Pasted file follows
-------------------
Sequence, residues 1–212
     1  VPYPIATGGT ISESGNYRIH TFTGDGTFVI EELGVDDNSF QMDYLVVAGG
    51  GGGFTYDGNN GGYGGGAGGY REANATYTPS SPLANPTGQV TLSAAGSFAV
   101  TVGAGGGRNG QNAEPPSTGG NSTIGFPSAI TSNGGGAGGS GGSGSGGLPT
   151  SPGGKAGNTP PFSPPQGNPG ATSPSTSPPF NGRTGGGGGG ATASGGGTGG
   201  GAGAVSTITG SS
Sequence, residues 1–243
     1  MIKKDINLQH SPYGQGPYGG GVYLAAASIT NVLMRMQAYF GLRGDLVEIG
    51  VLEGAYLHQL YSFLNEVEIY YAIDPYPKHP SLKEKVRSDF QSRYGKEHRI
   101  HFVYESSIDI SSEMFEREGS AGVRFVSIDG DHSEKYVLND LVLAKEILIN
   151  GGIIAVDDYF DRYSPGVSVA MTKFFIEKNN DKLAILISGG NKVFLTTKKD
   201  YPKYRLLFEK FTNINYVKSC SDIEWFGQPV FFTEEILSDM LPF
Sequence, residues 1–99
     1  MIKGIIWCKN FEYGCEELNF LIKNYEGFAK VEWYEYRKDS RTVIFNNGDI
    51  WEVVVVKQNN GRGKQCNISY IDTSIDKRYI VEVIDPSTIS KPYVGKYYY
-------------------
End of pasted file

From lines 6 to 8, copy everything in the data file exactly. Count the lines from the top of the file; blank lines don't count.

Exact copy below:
   201  GAGAVSTITG SS
Sequence, residues 1–243
     1  MIKKDINLQH SPYGQGPYGG GVYLAAASIT NVLMRMQAYF GLRGDLVEIG